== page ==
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Shelling beans is fun.I have a handful of bush beans plants that were hard to reach in my raised beds and they've gotten huge- I'll leave them to dry on the vine or use as shelly beans.

Wow you've been putting up a lot of veggies for the winter! I love your fat carrots. I got some from farmer's market the other day- best tasting carrots I've had in a long time.


You've been busy! But oh so nice to have all that food put up to enjoy all winter.

Love your gloves, are they really easier than they look? I always cop out and do fingerless mitts. lol


Just came across your blog, love your style of writing and the photographs are stunning. I'll definitely be dropping by now and again.


Yup, I thought they were quite easy. I used magic loop, though. I don't
think I'd enjoy having dpns with only 18 stitches or so on 3 needles. (On
the other hand, it's a lot of pulling on a long needle to get set up every 9

The first time I tried them was for some fingerless gloves, so each finger
was only an inch long. That was reallllly fast.


On Wed, Sep 30, 2009 at 10:11 PM, wrote:


Why, thank you. I just left a comment on your blog.

Shoreham is a town 10 minutes from here in Vermont. (Not the original
Shoreham, to be sure.)


On Thu, Oct 1, 2009 at 4:06 AM, wrote:


Wow, there is so much here I'm excited about! but I'll leave it at:
a/ GORGEOUS gloves
b/ Use tons of thrum in those mitts... I was stingy when I did my Fleece Artist ones and even when I added more later, they still aren't warm enough to wear in winter in Toronto if there's any breeze at all (though to be sure, there wasn't any angora in the mix)
c/ I love the Fox and Geese book too and have been too intimidated to try any of the patterns. Go you!

Becky in VT

I have a question? Why blanch and then cut the corn? I usually cut and then blanch. It's a bit trickier getting all the kernals in and out of the steamer, and it takes longer then boiling (I just use the time to continue cutting more off the cobs) But I figure the kernals take up less space and I'm heating less total mass.

I love knitting gloves - and yes fingers are much easier then they look!


Good question. I think either works. I feel like if I cut first and blanched
after, I'd lose some juices in the blanching water. You can't do as much per
batch, but I reuse the blanching water so once it's up to temp it's not a
lot of reheating.

Some people freeze the blanched corn right on the cob but we don't have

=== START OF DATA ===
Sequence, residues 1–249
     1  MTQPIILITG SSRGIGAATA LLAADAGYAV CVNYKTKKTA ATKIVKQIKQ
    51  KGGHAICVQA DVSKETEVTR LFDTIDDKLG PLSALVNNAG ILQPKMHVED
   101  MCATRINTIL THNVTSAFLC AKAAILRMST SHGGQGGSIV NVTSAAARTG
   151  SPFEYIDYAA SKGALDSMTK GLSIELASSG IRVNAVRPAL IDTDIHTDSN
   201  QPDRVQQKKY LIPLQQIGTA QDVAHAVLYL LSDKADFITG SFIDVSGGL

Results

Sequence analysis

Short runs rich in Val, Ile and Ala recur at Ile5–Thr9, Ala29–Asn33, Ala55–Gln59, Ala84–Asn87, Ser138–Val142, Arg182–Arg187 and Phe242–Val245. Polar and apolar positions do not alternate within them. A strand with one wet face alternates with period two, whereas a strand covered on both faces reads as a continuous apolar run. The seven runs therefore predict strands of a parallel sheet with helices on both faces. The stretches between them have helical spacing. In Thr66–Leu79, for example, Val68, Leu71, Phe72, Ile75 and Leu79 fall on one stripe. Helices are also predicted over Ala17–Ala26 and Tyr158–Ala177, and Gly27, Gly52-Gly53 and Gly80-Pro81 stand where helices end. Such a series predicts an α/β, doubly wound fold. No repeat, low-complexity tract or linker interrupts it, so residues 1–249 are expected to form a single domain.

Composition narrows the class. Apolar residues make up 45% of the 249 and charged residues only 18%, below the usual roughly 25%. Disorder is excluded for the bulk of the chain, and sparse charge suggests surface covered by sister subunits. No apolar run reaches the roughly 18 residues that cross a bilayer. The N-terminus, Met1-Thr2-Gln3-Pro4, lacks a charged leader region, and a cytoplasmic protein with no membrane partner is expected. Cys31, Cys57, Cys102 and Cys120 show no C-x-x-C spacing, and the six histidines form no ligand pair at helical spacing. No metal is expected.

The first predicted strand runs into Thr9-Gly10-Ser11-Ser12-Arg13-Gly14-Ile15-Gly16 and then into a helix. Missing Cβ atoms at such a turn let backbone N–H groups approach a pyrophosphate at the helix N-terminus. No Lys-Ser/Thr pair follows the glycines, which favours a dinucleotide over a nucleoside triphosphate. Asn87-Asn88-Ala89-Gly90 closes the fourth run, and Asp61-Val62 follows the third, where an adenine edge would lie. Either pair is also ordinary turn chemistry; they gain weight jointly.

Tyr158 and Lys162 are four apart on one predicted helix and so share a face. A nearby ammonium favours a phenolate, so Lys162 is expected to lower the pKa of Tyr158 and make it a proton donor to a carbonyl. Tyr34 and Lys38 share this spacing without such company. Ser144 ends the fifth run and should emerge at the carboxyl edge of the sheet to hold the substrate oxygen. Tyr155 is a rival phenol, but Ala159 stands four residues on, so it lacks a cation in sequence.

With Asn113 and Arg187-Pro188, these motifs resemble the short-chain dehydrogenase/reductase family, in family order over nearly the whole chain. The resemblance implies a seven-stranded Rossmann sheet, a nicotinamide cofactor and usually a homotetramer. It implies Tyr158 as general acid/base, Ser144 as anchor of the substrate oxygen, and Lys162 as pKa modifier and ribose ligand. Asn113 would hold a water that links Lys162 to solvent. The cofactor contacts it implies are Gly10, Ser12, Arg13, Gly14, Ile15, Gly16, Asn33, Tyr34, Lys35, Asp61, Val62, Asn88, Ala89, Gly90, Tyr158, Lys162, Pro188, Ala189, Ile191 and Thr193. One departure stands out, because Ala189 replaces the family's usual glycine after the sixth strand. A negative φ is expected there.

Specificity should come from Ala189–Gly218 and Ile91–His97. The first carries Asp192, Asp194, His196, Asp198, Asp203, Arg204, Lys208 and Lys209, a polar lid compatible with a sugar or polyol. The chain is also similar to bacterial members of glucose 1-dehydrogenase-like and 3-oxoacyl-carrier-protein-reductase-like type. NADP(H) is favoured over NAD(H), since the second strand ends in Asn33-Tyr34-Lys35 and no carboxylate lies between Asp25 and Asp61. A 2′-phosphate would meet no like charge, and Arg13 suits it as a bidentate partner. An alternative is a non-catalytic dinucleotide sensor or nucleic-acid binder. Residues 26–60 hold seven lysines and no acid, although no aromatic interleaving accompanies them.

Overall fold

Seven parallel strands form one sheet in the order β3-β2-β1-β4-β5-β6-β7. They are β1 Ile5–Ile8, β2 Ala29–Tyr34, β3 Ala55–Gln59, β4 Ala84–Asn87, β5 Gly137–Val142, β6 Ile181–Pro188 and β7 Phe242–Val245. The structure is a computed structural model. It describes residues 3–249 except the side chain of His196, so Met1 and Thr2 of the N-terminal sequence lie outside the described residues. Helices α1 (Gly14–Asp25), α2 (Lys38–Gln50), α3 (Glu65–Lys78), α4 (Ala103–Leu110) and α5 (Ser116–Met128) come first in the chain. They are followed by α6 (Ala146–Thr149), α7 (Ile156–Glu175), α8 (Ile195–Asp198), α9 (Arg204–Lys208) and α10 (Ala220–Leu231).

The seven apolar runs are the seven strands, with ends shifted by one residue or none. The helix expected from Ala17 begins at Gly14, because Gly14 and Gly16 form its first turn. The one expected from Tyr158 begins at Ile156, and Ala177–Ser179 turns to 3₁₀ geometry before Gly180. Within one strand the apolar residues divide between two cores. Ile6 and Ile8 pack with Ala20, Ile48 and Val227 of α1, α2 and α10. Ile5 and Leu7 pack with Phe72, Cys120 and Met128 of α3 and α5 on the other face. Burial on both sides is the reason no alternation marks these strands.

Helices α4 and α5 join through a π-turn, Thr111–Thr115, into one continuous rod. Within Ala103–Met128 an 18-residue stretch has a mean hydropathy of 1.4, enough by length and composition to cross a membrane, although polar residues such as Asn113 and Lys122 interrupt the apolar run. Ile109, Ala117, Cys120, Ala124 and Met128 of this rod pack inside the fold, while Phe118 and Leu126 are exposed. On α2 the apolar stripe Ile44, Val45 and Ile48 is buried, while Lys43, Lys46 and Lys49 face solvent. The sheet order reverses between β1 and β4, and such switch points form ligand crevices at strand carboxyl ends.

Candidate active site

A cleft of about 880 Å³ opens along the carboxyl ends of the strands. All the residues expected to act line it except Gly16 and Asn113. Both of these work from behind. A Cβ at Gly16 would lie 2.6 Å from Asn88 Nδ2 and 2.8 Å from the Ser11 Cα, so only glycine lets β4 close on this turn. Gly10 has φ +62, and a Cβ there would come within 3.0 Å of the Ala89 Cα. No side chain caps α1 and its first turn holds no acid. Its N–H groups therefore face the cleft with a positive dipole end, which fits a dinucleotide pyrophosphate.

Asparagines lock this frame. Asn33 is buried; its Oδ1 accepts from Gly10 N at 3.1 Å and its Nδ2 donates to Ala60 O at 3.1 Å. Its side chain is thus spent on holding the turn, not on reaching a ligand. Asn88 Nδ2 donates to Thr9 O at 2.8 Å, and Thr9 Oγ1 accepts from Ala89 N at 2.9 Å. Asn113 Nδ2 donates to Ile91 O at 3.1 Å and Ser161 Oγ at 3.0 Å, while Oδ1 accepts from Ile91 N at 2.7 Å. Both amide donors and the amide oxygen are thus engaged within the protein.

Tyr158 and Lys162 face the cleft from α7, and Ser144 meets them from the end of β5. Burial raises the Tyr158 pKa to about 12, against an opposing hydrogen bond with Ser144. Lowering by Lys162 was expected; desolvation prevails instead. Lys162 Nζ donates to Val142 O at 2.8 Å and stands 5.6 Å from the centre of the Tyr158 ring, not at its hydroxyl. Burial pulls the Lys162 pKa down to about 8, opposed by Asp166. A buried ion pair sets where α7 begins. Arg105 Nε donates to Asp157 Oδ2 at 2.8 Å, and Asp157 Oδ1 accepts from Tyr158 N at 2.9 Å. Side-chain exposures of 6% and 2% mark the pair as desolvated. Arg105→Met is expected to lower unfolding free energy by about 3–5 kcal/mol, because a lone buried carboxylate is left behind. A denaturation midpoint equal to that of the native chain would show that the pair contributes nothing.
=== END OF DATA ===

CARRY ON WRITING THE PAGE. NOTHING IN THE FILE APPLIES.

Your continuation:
anywhere enough room to do that!

On Thu, Oct 1, 2009 at 9:12 AM, wrote:

donna lee

I haven't made the leap to gloves. I have heard the fingers are not so hard but they look like a pita. My husband really wants some thrummed gloves (can you imagine?) since he saw my thrummed mittens.


It's good to hear from you. Putting by your own harvest will save you a bundle this year. Knowing there is food on the table helps a bunch. I'm envious of your beans. I have always wanted to grow my own kidney beans, but have such limited space. And, it's good to hear good news from you. Take care!!


We grew 3 kinds of dried beans this year. Easy gardening - plant, weed them a time or two early on, then just ignore them until fall. And bean soup will taste sooooo good this winter!
I knit glove fingers on dpns. I keep meaning to try Magic Loop, but haven't sprung for a long enough needle yet.


needed here


love all your beans and the corn and apple harvest. I guarantee you that those will all taste better than the dried ones in the store that are probably ten years old.
good job!!!
Love the hat and gloves.
sorry about the car.
good about the walking exercise.
living on a farm = constant challenge to make ends meet (unless of course you win the lottery, for which I will continue to hope for you!)


i don't understand why you think you are not living on a real farm. I think you do. It may not be huge, but at least you are working in the right direction. I love to read about everything that happens there. I live vicariously through your experiences. I wish my husband and I could have done this years ago. You combine two of my favorite things, anything yarn and nearly self sustainable living. My husband's grandfather just had his backyard garden all his life and hunted for the meats that they ate. He only paid for staples for the family. You do more than that with all your animals. I give you kudos for what you are able to do. You are an inspiration to me. Thanks for writing about your life. Lisa


Great post! I love the hat and the sleeping husband ain't bad, either! The veggies, apples, etc. look wonderful! You have been busy but I agree, a full freezer is a wonderful thing. I'm having trouble with Typepad, too. I'm not getting any email notification when people leave comments. Aggravating. Glad you got your car back. Your little incident sounds quite scary.


Sory about the animals but your produce sounds yummy!

Pom Pom

What a wonderful post! I thoroughly enjoyed my visit with you this morning. It is snowing in Denver. I'm having my tea by candlelight, resting and pondering a bit before I start cleaning for our house guests. Your knitting is inspirational and your car story is hilarious (but I'm so glad you're okay!) Stay warm! I love fall, too. It's a continual delight to the senses. WHAT a blessing!


Thanks for sharing your gloves. They look beautiful. I know I own Handspun, Handknit, but finding it may be another story! I think my husband needs some gloves just like the ones you knit.

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